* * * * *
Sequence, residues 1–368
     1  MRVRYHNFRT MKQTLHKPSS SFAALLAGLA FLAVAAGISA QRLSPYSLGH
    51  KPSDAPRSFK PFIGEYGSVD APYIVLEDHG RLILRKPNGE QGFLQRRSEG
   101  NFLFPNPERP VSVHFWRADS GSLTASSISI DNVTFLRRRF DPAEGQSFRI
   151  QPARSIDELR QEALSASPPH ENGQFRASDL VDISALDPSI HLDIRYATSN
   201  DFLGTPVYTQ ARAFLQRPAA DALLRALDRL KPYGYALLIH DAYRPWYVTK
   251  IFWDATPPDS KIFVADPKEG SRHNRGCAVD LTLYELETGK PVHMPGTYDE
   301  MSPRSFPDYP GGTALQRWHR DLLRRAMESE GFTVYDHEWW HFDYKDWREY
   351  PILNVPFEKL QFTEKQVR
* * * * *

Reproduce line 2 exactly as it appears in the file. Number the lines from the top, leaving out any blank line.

     1  MRVRYHNFRT MKQTLHKPSS SFAALLAGLA FLAVAAGISA QRLSPYSLGH